VARIOUS ARTISTS – Moving Away From The Pulsebeat: Post Punk Britain 1977-1981

When punk shook Britain’s music scene in ‘76, it came as a revelation. The DIY spirit of the Buzzcocks’ ‘Spiral Scratch’ EP suggested that anyone could be in a band; you didn’t need to have to have years worth of musical training. Music could also be about capturing an energy and a spirit. Punk’s first wave was relatively short-lived. By 1978, guitar driven bands were mixing the less flashy elements of punk with bigger melodies, resulting in the mod influenced sounds of The Jam and the broader power pop of Elvis Costello & The Attractions. Some were even taking punk’s pure drive and creating what would now be considered goth, and bands like Ultravox! and Wire – arguably the greatest bands to be tagged with the term “post punk” – added strange and angular artiness, shaping the sounds of a generation.

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FRENCHY AND THE PUNK – Cities In Dust / Monsters

When it comes to alternative musicians, there are probably dozens the average person would name before they got to Scott Helland. His name isn’t the most famous, but his contribution to the US alternative underground is massive, as is his discography. He first found relative fame as a member of hardcore band Deep Wound (alongside Dinosaur Jr men Lou Barlow and Joseph Mascis); he’s also been a member of Outpatients, released several solo albums, worked with Boom Boom Shake, Voltaire and Mark Malcahy and, somewhere along the way, launched a further side hustle as Guitarmy of One where he plays garage punk/surf instrumentals. Simply put, he seems to be one of those guys who’s always there, lurking in the shadows, but quietly working.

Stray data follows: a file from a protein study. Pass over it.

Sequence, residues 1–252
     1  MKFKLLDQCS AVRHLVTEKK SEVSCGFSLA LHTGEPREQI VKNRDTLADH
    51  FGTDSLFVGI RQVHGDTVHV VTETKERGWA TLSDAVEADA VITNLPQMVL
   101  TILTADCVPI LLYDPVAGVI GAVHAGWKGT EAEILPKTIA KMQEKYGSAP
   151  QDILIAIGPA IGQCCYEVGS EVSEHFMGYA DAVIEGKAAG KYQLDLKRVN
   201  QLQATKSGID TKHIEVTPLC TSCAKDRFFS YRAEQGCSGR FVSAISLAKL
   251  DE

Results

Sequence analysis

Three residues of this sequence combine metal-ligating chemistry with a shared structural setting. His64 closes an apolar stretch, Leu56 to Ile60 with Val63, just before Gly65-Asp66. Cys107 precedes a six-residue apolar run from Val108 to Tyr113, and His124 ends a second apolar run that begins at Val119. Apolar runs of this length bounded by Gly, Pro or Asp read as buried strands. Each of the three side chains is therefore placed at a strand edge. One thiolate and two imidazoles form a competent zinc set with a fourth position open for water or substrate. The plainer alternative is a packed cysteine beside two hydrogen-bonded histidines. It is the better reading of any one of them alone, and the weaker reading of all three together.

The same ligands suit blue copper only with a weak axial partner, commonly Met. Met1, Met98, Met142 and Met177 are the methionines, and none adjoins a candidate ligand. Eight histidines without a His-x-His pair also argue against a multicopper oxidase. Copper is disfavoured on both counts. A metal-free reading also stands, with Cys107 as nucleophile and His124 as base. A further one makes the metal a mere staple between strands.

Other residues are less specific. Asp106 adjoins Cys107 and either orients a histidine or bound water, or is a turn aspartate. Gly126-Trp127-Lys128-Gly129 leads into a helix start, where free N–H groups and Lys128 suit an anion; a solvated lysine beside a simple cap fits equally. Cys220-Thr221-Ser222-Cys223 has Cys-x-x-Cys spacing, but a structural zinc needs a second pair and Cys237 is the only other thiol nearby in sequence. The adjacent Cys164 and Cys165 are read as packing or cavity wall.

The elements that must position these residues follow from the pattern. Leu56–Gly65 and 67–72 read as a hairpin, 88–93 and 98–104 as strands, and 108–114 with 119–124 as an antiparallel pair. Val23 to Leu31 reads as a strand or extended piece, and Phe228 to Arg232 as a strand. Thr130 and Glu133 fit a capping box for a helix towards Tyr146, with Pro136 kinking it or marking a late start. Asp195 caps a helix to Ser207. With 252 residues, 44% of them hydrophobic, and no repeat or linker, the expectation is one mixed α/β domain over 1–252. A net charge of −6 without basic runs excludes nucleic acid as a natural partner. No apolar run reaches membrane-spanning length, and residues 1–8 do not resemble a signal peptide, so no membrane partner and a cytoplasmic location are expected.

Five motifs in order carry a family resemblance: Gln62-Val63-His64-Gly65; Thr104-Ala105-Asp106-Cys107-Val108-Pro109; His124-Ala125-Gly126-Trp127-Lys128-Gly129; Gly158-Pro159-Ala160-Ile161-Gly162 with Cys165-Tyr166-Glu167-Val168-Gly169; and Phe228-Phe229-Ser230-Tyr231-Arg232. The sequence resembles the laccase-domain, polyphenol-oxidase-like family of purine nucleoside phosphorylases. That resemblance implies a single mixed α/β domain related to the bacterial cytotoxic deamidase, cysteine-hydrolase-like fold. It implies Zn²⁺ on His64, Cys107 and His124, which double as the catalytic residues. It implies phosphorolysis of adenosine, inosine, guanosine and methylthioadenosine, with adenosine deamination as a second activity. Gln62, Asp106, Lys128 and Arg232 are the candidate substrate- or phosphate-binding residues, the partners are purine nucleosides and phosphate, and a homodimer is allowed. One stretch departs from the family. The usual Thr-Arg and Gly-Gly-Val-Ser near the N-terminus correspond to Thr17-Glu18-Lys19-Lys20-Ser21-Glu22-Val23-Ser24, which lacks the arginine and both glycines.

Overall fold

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The Great 70’s Project: 1978

1977 saw a change on the UK music front as punk made a fairly grand entrance.  It wasn’t the giant new broom that revisionists will have you believe, as disco and pop still had a strong grip and the prog rock bands remained a fixture in the album charts.

Perhaps the greatest thing the punk movement brought was the idea that such energy could be used to create great three minute songs. In 1978, utilising the energies of punk and a firm grasp of radio friendly pop choruses, bands like Blondie and The Jam went from strength to strength.

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